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Sealing up a packet of documents for Harvard's quadricentennial celebration, President Conant yesterday morning turned the eyes of the university away from the past and towards the coming years. What the future holds for Harvard, or indeed for the world, no one can accurately tell. But if the "university tradition" of the past gives indication of a healthy future, certainly Harvard starts her fourth century with a firm stride.
Today as never before Harvard stands in a position to keep the balance amongst President Conant's "four essential ingredients" that make up an American university: "the advancement of learning, the liberal arts college, professional training, and a healthy student life." The balance varies from time to time; at the moment there is danger that pure learning may outstrip the liberal arts because of Mr. Conant's emphasis on research work. But as learning makes the life blood of the arts, so the arts stimulate men's minds for things intellectual and start them on a feast of which college is no more than the hors d'oeuvres. Then, professional training remains for post-graduate work, with the college viewpoint left unclouded by "the dull glasses of immediate utility." The houses and tutorial system make healthy student life an everyday reality.
With such a set-up, small wonder that Harvard lays claim to being one of the cultural centers of the nation. As a reservoir of abstract learning, with libraries, laboratories and learned men, she holds a definite trust, both in perpetuating past scholarship and in stimulating the arts and sciences for present day benefits to humanity. A glance at Harvard's contributions to industrial life, for instance, bears striking witness to the value of scientific investigation to the national economy. And most important of all are the men, schooled in the healthy student life or trained professionally in graduate work, whom the University sends out into the world. In all fields and callings, in all parts of the globe, men bear the brand of the American educational tradition, and, though we have no ruling class like England, people of this stamp make up the intellectual backbone of the nation.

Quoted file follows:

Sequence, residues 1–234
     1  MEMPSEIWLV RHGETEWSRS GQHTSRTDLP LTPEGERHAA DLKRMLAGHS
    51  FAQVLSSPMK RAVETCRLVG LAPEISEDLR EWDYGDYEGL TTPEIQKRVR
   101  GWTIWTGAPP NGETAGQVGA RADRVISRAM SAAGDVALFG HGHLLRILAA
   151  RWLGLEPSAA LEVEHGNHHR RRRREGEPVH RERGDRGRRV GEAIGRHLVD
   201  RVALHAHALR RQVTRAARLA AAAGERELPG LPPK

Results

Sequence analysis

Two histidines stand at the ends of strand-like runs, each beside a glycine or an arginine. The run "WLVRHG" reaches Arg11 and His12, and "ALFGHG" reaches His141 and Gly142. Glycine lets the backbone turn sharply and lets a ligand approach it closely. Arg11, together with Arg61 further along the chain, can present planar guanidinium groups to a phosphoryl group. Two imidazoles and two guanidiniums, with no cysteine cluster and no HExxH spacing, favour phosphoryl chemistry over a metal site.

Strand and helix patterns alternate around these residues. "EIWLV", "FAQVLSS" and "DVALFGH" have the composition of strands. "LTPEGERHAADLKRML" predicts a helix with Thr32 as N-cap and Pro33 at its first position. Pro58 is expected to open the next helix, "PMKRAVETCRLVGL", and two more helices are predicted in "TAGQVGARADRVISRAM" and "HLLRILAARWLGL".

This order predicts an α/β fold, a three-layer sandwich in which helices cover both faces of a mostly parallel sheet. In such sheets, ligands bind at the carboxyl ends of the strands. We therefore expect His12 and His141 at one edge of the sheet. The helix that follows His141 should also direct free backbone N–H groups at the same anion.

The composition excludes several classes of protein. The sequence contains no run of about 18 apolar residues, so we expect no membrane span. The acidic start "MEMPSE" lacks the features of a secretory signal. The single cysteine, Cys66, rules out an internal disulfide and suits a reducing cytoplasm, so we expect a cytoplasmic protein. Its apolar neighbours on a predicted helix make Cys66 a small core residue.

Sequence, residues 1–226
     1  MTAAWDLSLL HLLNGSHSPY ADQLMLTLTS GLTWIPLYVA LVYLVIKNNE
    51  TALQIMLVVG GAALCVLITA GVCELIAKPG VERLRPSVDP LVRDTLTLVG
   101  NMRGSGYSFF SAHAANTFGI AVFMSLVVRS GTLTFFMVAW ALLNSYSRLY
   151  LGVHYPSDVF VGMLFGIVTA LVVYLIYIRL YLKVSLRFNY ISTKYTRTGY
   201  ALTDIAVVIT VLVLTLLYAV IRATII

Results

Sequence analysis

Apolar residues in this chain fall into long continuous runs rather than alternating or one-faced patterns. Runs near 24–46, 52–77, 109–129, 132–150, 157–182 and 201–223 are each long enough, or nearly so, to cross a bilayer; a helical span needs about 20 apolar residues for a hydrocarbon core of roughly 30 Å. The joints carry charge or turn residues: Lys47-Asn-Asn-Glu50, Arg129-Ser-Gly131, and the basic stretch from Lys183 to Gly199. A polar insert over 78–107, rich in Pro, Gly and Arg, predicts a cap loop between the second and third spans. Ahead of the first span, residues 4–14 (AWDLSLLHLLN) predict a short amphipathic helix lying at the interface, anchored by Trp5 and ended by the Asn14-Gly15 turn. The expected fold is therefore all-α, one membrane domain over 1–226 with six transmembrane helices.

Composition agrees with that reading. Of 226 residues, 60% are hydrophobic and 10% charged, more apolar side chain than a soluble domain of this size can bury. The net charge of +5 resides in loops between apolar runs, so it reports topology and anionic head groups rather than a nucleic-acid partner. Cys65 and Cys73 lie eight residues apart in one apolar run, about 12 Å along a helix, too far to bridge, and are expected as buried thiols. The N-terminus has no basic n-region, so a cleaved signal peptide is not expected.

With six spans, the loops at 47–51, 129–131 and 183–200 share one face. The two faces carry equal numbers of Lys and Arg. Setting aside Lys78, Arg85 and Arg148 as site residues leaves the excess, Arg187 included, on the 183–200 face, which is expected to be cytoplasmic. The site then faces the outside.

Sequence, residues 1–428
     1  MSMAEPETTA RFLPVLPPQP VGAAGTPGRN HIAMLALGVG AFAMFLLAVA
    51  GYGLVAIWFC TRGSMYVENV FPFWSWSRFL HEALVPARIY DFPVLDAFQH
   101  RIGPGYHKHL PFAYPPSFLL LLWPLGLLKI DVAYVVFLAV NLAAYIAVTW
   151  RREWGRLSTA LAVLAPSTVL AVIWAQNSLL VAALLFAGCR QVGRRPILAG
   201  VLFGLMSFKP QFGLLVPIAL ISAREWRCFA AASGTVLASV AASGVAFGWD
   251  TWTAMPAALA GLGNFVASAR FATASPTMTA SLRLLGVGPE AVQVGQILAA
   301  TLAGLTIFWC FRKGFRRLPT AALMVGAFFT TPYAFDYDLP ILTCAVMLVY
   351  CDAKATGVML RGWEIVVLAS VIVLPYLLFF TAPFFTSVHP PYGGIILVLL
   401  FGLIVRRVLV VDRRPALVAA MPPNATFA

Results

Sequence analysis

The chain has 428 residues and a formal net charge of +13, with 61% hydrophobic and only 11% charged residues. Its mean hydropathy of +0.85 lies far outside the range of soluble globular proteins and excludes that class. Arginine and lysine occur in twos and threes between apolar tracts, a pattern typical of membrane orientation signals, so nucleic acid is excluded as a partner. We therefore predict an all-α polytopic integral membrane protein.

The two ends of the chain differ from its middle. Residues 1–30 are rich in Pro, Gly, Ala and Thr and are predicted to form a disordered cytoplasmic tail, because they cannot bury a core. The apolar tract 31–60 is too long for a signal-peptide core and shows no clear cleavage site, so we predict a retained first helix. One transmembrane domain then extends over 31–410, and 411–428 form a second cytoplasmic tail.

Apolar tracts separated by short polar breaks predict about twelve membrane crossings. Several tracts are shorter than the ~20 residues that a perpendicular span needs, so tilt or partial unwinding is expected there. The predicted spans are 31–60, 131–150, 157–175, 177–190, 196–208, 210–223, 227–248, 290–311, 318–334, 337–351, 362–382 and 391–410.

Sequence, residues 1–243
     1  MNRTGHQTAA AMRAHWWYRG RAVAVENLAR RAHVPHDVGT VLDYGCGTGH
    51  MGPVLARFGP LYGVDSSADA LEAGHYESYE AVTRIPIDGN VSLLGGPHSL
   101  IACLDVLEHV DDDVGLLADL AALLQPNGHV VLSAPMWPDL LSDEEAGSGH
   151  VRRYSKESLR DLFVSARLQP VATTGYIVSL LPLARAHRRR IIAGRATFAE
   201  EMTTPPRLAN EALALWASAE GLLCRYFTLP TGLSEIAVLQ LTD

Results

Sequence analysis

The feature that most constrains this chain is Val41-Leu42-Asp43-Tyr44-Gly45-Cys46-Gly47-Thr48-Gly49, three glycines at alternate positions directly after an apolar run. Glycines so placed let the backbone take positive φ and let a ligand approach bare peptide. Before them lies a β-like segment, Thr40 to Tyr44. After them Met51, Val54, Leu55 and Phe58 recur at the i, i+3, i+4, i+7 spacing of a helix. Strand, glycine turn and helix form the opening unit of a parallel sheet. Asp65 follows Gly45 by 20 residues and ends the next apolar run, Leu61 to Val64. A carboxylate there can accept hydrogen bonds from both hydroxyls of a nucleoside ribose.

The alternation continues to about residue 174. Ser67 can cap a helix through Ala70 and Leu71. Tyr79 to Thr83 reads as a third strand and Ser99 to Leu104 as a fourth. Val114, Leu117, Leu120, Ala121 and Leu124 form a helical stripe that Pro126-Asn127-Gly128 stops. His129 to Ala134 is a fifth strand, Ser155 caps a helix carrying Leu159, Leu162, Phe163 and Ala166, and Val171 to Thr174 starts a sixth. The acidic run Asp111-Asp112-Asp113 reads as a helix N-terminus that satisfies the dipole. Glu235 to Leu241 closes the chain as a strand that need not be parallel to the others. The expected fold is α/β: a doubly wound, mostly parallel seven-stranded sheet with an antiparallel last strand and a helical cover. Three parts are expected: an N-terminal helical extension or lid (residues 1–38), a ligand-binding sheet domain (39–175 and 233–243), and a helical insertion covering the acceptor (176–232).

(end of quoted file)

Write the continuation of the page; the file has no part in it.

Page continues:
In rededicating the University to the service of the country, both in advancing the cause of learning and in preparing men to meet the responsibilities that lie ahead, President Conant has set up two ideals of vital importance; freedom and truth. "Absolute freedom of discussion, absolutely unmolested inquiry" are essential to the continuation of the American cultural tradition: they have disappeared (or have never appeared at all) in many lands. The search for truth is a thorny way too, implying an intellectual integrity, a willingness to face facts, and complete freedom from prejudice and passion. It is a high ideal for the future, but much the same as the spirit and purpose that motivated the Puritan forefathers when they chose for their cloud by day and their pillar of fire by night the word "veritas."
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